Thursday, 12 May 2016

Book Review: Old Guns by Ross Morton


Sam Ransom, broadsided by the death of his old partner Abner, learns of a note left by the dead man - warning that the infamous Meak twins are after Ransom's life because of what happened at Bur Oak Springs over two decades ago. Ransom knows he must alert the rest of his gang, who were there at the time. His family is in jeopardy and their only hope of salvation is the gang's return to confront the Meak brothers...


I've only read one other Ross Morton western The $300 Man which I thoroughly enjoyed so I was pleased when I saw this in the library (especially in large print, which is always good for bedtime reading).

Set between two time frames, it tells the story of old friends brought together by an event from the past. I struggled with this a bit because I'm usually tired when I go to bed to read, but that just made me go to bed earlier as I didn't want to miss any detail. Morton pays such close attention to this, weaving in everything as he goes, that it would be easy to do and a shame.

It seemed to have a large cast of characters, many of whom were women who were integral to the story, which made a change when reading a western. Even so, I felt like I got to know them all, especially their aches and pains, which resonated with me. I really enjoyed the added danger element but won't say what that is so as not to spoil anything. I will say there are a couple of nice twists at the end, one of which I saw coming but still made me think 'ha!'.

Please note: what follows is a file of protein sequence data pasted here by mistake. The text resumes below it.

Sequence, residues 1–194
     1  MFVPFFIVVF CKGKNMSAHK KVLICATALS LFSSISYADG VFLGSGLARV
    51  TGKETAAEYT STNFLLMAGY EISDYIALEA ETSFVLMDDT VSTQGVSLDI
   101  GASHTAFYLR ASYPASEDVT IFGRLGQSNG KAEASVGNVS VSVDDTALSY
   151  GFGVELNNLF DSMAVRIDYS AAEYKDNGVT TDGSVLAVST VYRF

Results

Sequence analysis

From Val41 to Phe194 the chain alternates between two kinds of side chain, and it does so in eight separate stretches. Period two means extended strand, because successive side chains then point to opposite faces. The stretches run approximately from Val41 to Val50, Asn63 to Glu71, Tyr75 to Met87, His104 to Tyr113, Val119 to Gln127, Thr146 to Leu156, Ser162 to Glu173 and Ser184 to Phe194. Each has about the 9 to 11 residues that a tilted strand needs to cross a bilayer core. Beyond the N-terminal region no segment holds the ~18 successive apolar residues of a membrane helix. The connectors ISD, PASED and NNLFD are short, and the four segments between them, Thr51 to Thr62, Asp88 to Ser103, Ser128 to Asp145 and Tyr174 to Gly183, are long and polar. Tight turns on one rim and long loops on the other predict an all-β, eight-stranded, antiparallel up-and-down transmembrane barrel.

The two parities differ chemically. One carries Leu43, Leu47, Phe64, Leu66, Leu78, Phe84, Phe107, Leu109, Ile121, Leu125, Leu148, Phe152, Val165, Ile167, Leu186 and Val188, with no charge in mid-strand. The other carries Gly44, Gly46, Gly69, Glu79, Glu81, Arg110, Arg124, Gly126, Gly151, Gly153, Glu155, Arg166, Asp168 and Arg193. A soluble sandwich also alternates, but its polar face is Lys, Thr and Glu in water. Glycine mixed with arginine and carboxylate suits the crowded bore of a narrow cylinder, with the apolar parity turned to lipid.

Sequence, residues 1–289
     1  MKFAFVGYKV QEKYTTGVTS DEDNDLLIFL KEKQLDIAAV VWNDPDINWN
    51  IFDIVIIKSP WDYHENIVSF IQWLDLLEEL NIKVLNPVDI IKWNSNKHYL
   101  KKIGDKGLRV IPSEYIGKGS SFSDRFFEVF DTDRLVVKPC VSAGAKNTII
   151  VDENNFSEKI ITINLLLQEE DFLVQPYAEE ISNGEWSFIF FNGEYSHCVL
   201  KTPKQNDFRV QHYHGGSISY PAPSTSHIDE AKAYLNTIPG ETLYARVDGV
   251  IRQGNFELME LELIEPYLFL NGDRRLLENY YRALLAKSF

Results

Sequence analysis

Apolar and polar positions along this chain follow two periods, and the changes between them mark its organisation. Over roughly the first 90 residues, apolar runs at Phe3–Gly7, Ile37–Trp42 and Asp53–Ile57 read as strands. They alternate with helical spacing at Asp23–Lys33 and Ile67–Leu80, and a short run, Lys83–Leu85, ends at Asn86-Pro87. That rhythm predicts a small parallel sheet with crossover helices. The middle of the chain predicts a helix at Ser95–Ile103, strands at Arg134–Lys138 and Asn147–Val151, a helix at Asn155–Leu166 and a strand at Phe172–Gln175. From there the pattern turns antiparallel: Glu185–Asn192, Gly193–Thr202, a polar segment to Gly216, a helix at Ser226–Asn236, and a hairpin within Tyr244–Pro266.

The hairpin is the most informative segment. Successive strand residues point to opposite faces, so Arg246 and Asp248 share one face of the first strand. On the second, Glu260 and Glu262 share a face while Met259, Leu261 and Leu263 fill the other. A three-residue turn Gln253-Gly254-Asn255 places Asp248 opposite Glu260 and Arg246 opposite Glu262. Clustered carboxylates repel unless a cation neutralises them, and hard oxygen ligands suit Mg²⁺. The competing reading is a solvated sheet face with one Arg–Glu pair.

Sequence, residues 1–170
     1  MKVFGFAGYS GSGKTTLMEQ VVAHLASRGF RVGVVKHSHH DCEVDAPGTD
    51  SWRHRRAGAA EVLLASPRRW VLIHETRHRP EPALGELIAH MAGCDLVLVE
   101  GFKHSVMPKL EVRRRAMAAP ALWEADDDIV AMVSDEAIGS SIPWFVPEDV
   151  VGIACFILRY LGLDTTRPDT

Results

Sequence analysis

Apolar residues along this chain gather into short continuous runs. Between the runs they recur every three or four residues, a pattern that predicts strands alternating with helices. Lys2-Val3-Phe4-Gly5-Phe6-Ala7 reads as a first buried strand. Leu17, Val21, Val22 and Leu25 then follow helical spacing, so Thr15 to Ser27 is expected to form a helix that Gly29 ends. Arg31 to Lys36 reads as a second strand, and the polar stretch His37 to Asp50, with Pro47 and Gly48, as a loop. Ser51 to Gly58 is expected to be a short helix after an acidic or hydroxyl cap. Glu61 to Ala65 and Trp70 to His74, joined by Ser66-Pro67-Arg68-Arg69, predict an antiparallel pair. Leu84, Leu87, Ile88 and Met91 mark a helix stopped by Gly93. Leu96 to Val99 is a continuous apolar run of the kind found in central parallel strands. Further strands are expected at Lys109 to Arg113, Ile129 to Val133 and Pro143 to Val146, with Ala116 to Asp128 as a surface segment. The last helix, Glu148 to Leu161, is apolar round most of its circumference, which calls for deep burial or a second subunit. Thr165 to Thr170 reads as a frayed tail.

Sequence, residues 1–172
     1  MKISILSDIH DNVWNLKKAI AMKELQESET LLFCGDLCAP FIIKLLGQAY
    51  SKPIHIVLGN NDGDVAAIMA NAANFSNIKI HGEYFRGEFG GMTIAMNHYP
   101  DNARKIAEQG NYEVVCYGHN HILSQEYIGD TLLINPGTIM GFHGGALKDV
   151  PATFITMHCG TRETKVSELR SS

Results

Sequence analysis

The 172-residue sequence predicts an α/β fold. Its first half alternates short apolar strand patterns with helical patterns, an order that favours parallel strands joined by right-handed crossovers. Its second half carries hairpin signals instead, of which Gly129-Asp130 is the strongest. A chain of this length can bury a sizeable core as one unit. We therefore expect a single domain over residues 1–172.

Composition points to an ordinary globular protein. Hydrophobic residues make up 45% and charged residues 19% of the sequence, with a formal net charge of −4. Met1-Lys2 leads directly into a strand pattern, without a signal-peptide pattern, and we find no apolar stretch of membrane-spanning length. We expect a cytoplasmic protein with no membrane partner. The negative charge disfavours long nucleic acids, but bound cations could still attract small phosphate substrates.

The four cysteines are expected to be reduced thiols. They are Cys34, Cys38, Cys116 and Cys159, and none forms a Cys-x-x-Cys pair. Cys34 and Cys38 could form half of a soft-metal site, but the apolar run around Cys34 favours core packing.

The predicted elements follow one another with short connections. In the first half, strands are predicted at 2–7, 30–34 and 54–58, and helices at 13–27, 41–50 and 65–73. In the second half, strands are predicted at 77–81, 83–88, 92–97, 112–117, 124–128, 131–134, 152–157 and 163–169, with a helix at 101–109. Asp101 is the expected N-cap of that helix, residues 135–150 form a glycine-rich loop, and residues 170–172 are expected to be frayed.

All in all, another good story from a master storyteller and a reminder that I need to seek out some more books by this author. I notice on Amazon that he only has listings for hardcover and large print. This reader would love to see some of these titles in e-book format (hint hint). If they're out there already, I'm sure some kind soul will let me know.

Morton is also the author of how to book Write A Western In 30 Days: With Plenty of Bullet Points! (as Nik Morton). If you're an aspiring writer, or just want to see how it all comes together, I highly recommend this.



2 comments:

  1. Thanks for the review, Jo. I'm pleased that you liked it, as I really wanted to write a 'different' western; another 'different' one is The Magnificent Mendozas, which is homage to The Magnificent Seven! And thanks for the plug regarding Write a Western. Much appreciated.

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